We all need to get better at influencing others: clients, colleagues, friends etc. Here is a summary of the best-selling book Influence: The Psychology of Persuasion. I’ve adapted the themes and applied them to the world of professionals such as lawyers and accountants.
The author, Robert Cialdini, is a Professor at Arizona State University. He proposes that there are six principles underpinning the skills of persuasion:
- Reciprocity – we tend to return a favour
- Commitment & Consistency – if we commit to an idea or goal, orally or in writing, we are more likely to achieve it
- Social Proof – we will do things that they see other people are doing
- Authority – we tend to obey authority figures, even if we are asked to perform objectionable acts
- Liking – we are more easily persuaded by other people that we like
- Scarcity – perceived scarcity will generate demand
I’m going to explain each of these in turn and provide tips for how professionals such as lawyers and accountants can use them.
Cialdini says: “The implication is you have to go first. Give something: give information… to people and they will want to give you something in return.”
Professionals – you have lots of things you can give: your time and attention, really listening and acknowledging clients’ opinions, free advice, a free audit of commercial or legal risks, online resources, training, introductions to others in your network etc. Could you be offering more?
2. Commitment & Consistency
Cialdini says: “People strive for consistency in their commitments. They also prefer to follow pre-existing attitudes, values and actions.” Getting clients to publicly commit to something makes them more likely to follow through with an action.
The older we get, the more we value consistency. And that makes it harder for older people to make a change.
Professionals – instead of saying “Please call if you have to cancel”, ask instead “Will you please call if you have to cancel?”. A subtle but important difference. This gets clients to say yes, and measurably increases their response rates. Also a way to help older clients make a change is to praise them for making good past decisions, based on the information they had at the time. Then find ways to stress the consistent values connecting old decisions with values underlying any new actions (such as using your services).
3. Social Proof
When people are uncertain about a course of action, they tend to look to those around them to guide their decisions and actions. They especially want to know what everyone else is doing – especially their peers. “Laugh tracks on comedy shows exist for this very reason,” Cialdini says.
Professionals – testimonials from satisfied clients show your target audience that people who are like them have enjoyed your service. They’ll be more likely to become clients themselves. Written comments can be reassuring, but video recordings work better.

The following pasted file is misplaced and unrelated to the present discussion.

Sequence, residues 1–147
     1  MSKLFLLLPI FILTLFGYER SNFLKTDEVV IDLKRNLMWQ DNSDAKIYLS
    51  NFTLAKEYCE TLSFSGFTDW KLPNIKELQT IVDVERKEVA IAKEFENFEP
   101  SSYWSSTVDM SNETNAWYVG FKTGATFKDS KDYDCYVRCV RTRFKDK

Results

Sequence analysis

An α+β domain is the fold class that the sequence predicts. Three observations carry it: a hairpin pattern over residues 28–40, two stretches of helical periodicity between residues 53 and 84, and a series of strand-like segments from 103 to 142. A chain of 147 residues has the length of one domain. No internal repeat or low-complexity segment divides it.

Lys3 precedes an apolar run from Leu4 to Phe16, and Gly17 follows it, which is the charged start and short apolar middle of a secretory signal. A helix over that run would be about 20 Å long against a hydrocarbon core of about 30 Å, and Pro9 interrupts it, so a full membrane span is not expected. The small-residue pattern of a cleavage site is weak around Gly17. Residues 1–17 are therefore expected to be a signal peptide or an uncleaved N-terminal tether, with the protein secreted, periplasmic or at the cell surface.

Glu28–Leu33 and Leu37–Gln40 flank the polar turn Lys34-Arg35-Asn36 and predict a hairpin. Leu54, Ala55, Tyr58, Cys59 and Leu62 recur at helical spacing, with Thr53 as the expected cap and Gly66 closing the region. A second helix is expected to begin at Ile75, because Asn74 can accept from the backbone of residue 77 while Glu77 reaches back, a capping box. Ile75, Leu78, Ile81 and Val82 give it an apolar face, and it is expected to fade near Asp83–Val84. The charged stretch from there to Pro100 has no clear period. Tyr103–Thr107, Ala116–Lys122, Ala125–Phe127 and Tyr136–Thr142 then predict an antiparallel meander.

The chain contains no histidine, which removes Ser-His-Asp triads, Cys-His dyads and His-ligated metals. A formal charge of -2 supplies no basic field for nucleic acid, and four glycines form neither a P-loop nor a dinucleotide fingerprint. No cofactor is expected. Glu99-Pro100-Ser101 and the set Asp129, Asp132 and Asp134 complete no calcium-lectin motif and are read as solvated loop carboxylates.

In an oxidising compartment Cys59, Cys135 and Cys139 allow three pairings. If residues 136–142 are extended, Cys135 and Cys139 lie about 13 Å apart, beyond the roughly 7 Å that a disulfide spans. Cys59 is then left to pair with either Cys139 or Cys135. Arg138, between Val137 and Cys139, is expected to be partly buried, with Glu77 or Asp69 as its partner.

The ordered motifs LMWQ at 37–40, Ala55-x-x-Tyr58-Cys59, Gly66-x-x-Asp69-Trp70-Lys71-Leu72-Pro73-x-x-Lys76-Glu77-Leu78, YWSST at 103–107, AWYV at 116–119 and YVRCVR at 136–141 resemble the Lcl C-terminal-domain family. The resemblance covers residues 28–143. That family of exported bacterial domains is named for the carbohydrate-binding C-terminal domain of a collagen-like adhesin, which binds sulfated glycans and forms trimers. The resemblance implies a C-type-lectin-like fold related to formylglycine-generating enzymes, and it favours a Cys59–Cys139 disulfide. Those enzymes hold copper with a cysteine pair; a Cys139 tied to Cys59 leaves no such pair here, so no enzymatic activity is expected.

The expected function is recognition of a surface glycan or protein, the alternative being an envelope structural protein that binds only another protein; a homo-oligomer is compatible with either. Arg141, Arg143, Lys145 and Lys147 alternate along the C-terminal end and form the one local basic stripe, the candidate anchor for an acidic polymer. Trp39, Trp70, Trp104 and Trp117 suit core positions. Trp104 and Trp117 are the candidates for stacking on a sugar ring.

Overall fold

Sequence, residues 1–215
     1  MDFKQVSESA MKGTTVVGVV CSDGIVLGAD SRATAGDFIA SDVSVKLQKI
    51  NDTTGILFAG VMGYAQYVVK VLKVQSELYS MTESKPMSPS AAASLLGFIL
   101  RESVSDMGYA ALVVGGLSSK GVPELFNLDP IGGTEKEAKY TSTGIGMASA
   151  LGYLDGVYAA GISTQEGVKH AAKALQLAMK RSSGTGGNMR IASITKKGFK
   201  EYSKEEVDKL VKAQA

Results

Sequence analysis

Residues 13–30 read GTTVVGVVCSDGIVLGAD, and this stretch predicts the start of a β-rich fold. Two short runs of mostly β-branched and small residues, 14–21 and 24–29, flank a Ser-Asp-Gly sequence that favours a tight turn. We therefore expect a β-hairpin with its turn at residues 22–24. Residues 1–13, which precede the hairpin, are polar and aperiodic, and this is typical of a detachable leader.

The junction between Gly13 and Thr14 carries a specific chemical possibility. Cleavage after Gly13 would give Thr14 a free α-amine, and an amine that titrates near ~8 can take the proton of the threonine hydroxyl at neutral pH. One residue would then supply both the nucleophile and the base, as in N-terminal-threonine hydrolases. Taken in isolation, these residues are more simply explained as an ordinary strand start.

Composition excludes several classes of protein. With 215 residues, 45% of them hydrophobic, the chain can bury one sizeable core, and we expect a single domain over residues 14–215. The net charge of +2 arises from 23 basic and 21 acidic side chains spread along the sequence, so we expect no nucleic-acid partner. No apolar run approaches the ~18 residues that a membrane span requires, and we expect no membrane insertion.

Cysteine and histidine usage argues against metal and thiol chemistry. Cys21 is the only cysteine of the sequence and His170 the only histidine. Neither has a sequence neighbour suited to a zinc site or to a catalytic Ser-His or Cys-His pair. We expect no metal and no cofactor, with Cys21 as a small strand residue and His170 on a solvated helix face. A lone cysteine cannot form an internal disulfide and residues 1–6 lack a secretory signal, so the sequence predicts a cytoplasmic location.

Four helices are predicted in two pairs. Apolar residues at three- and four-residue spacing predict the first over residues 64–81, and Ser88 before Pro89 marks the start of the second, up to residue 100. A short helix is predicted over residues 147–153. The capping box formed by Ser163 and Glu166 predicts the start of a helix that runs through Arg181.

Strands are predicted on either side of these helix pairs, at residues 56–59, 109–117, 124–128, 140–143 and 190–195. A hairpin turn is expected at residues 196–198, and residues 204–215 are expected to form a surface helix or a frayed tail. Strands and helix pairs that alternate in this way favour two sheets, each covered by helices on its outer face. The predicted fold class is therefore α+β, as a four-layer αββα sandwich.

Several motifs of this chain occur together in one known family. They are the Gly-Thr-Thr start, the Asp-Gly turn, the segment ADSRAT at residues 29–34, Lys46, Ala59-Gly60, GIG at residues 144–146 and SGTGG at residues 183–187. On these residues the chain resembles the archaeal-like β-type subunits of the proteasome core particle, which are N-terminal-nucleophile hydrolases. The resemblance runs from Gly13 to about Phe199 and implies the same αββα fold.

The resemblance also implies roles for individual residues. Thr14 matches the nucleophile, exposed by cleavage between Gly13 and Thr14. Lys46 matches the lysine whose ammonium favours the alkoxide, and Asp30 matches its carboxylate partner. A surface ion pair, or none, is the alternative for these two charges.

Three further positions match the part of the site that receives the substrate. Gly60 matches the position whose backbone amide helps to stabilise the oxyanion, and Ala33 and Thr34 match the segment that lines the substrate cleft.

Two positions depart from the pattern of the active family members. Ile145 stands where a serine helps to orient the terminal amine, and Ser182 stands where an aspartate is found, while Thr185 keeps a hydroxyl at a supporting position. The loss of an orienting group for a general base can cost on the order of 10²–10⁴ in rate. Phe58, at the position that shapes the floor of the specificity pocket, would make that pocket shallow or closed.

People respect authority. They want to follow the lead of real experts. Business titles, impressive clothing, and even driving an expensive, high-performing automobile are proven factors in lending credibility to any individual. Just wearing a white lab coat gave the technicians in the famous Milgram experiments a surprising amount of authority.
Professionals should look for authority figures, such as government officials, regulators, highly regarded, blue-chip clients to be amongst their client lists. This will help encourage other clients to choose you.
“People prefer to say ‘yes’ to those they know and like,” Cialdini says. People are also more likely to favour those who are physically attractive, similar to themselves, or who give them compliments. Even something as ‘random’ as having the same name as your prospects can increase your chances of making a sale.
Professionals can put more effort into building rapport with their clients. Let those aspects of your nature that are similar to the client shine through. But don’t fake this. It has to be authentic to work. Spend more time finding out what they like and don’t like about the service they receive from other professional advisers.
The less there is of something, the more valuable it is. The more rare and uncommon a thing, the more people want it.
Professionals should consider developing more unique products or services and not just offering ‘me-too’ ones. This might simply be a different way of taking instructions or providing updates using an extranet or different approaches to matter management. If other firms don’t do it like you do it, you have a scarcer product which clients might be more attracted to.
Most of us think it’s hard to understand why we decide what we do. Cialdini thinks that influencing others isn’t luck or magic – it’s science.
For a short TED Talk presentation on Cialdini’s principles of influencing, with details of scientific evidence, see http://ed.ted.com/on/NqsYCu67
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